is too great a task for the ability of the writer; and
even if possessed of the soul power to justly describe
him language is inadequate to express. I shall
therefore endeavor only to mention a few facts and
leave the reader to enlarge his estimate of him by
imagination. From the day on which he appeared
before the public at Bethel, N. C, and won the first
premium for the best speech delivered upon that oc¬
casion, his has been a gradual advancement toward
the summit of the mountain of greatness through
goodness, that time has not succeeded in retarding.
He is a Poet.
During Rev. Mr. Gordon's school vacation in 1882,
he travelled in the Eastern portion of North Caro¬
lina preaching and lecturing with great success.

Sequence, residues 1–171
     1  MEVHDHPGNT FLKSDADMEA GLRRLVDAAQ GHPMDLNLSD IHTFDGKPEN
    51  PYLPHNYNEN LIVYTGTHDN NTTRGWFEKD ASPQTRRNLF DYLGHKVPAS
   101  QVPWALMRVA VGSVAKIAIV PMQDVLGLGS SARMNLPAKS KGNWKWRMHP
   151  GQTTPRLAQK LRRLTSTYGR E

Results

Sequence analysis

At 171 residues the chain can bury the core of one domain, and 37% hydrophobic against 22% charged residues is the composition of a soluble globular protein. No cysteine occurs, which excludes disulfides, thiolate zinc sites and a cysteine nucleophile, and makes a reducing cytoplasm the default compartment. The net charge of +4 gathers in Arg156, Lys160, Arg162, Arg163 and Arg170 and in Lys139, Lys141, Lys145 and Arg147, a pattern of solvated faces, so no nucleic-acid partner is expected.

Here he began his poetical career, during which
time he wrote and published two poems, one dedi¬
cated to the memory of the Rev. L. W. Boone, and
another entitled " The Good Shepherd," which were
read by thousands and won to him considerable poetic
reputation. Below is an extract from the latter:
An Extract from the Volume of Poems entitled "The Good
HELP THE HEATHEN.
There is a land of grief and woe,
A land far across the ocean wave,
Where heathen nations know not God,
Nor seek to find the blessed way.
This is the way the nations have gone,
Since in darkness they were born;